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Fight to preserve Mere Way byway from Cambridge to Waterbeach

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Campaigners fear time is running out to preserve the historic Mere Way byway from north Cambridge to Waterbeach.

Camcycle and The British Horse Society is calling for developers Urban & Civic and Cambridgeshire County Council to engage on the Mere Way route “before the precious natural setting is destroyed for a substandard active travel path.

“Time is running out but there is still a chance to work together on a better design that works for everyone”.

Cycling charity Camcycle and The British Horse Society (BHS) said today they have united in a critical attempt to preserve byway.

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The two organisations are concerned that around half of the trees and hedgerow on the section of the ancient Roman Road south of Butt Lane will be removed as part of works to construct an active travel path from Cambridge to the 11,000 new homes at Waterbeach New Town.

Both groups objected to the principle of putting the bound road along this historic byway, proposing that it should have been constructed behind the hedge on county council land.

The photos show the works north of Butt Lane and the narrower section south of Butt Lane where trees are already being cleared. Those featured are Tessa Frost of Hall Farm Stables in Waterbeach on Bea and Violet Frost on Moppet. Josh Grantham (brown shirt) is the Infrastructure Campaigner for Camcycle and Gabriel Bienzobas (pictured in the north photo) is a Camcycle trustee and lead of Milton Cycling Campaign.

The photos show the narrower section south of Butt Lane where trees are already being cleared.
Those featured are Tessa Frost of Hall Farm Stables in Waterbeach on Bea and Violet Frost on Moppet.
Josh Grantham (brown shirt) is the Infrastructure Campaigner for Camcycle

However, given that this route has been selected, they believe a better design could be delivered which would provide a route suitable for all users while protecting the mature vegetation that makes the path so special.

Works on Mere Way by Waterbeach developers Urban & Civic began on 29 May, with the approval of Cambridgeshire County Council, and are due to be completed by the end of November.

Construction has begun on the section north of Butt Lane, where a tarmacked, all-season surface is being installed alongside a grass verge.

Although this is a wider section of the rural route, the groups believe that too much of the natural setting is being compromised for a 4.1m bound surface, which is broader than the existing tarmac road near Landbeach. Camcycle and the BHS would like to see the width of the tarmac surface reduced to three metres.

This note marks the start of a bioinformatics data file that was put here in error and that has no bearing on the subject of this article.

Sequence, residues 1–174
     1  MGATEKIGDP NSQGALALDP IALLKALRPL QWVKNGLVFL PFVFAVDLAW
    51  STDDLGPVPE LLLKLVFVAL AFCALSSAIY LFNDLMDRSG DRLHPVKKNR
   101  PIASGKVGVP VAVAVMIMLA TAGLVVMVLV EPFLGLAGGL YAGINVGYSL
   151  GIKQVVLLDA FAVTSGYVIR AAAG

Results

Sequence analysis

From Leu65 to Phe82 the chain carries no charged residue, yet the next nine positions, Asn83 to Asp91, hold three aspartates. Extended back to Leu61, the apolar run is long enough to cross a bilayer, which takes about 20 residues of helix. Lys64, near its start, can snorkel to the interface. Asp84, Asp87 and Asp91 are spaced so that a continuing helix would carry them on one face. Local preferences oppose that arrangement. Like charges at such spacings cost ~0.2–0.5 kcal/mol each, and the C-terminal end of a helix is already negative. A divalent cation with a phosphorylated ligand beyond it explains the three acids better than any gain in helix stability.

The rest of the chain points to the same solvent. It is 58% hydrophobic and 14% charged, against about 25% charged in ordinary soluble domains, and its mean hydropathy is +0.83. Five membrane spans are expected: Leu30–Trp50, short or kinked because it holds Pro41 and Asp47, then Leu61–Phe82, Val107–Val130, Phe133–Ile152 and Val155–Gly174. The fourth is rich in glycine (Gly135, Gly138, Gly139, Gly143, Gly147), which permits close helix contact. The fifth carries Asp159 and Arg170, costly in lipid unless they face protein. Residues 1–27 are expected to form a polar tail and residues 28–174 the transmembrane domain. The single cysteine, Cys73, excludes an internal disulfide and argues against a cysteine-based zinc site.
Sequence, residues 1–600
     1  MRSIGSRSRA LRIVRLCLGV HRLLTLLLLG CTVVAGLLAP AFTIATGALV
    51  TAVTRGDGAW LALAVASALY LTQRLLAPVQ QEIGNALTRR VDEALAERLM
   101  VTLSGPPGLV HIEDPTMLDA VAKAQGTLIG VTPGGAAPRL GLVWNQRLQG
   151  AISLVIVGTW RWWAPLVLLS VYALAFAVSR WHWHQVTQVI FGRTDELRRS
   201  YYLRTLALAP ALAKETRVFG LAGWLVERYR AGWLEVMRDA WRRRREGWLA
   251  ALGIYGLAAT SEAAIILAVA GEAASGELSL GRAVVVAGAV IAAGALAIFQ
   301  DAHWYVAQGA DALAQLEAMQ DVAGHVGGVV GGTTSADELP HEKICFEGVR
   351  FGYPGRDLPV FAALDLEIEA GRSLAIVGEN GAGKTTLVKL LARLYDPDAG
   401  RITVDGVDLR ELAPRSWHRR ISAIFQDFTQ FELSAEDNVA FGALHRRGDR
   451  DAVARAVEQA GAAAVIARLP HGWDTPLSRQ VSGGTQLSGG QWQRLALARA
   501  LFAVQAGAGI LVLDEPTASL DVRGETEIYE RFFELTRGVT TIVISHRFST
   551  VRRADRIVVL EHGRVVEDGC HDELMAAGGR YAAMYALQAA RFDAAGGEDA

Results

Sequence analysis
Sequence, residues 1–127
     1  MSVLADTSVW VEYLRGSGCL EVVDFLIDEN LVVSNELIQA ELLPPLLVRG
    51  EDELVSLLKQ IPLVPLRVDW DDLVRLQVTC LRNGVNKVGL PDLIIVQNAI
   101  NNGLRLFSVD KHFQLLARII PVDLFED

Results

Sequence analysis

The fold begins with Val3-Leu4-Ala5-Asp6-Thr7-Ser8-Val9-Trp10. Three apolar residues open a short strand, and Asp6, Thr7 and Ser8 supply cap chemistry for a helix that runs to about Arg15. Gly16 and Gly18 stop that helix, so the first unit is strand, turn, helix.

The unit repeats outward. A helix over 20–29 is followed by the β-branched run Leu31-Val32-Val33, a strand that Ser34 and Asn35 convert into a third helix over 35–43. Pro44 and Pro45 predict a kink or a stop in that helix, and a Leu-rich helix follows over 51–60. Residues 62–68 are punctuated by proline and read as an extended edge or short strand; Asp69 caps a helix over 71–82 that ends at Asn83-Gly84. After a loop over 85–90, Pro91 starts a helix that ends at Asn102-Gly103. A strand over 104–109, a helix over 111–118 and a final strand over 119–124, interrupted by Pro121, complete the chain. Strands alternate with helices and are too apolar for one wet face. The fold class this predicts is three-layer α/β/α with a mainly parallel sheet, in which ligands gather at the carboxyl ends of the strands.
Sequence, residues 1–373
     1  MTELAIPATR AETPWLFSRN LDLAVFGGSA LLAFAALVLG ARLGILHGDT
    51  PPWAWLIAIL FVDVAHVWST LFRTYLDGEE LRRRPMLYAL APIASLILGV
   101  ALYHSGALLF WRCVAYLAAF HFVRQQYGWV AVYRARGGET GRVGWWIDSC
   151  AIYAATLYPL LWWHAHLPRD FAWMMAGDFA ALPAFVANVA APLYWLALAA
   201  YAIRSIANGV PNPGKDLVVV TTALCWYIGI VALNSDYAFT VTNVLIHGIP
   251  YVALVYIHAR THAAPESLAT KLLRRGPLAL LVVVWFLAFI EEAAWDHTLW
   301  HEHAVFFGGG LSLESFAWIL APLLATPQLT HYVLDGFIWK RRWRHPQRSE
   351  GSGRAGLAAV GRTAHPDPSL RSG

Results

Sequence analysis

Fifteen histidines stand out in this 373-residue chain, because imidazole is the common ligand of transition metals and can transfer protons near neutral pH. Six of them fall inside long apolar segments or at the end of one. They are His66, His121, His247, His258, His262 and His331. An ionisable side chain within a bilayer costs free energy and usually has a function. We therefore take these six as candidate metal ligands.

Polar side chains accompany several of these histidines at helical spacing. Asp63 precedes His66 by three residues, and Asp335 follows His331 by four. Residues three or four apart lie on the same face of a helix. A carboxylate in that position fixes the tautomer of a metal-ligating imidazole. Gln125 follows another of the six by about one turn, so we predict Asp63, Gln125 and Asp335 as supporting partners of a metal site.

In the mile-long section south of Butt Lane, which is narrower, the proposed path should also be reduced in width.

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Here the groups would like to see a three-metre shared-use path installed with a surface that works for both cyclists and equestrians to minimise the loss of valuable trees and hedgerow.

Josh Grantham, Camcycle’s Infrastructure Campaigner, said: “The main issue with Mere Way is that the council and developers have not engaged properly with local stakeholders to produce a scheme that provides a high-quality route for active travel users of all kinds while preserving the historic natural setting of the path.

South section clearance on the Mere Way byway

The narrower section south of Butt Lane where trees are already being cleared.

“At the moment, cycle safety is being compromised by unsuitable crossings at Butt Lane and Waterbeach and the complete lack of lighting, while trees and hedgerows will be destroyed for a path which is unnecessarily wide for this location. A better outcome is possible for all.”

He added: “We’re joining with The British Horse Society to find the right solution and we call for Urban & Civic and the county council to engage with us now before it’s too late.”

Mark Weston, Director of Access at The British Horse Society, said: “As vulnerable road users, horse riders face considerable dangers on our roads and the need for safe off-road riding routes such as Mere Way has never been greater.

“But we believe that a more efficient outcome is possible to make sure that everyone can use this historic byway safely, whilst minimising the loss of valuable vegetation.

“Both the BHS and Camcycle objected to the principle of putting the active travel route along this historic byway, proposing that it should have been constructed behind the hedge on county council land.

“Ultimately, we call for a collective approach to find a more suitable solution for all involved.”

The letter Camcycle and The British Horse Society have sent to Urban & Civic and Cambridgeshire County Council can be read on Camcycle’s website at camcycle.org.uk/mereway

 

 

 

 

 

 

 

 

 

 

 

 

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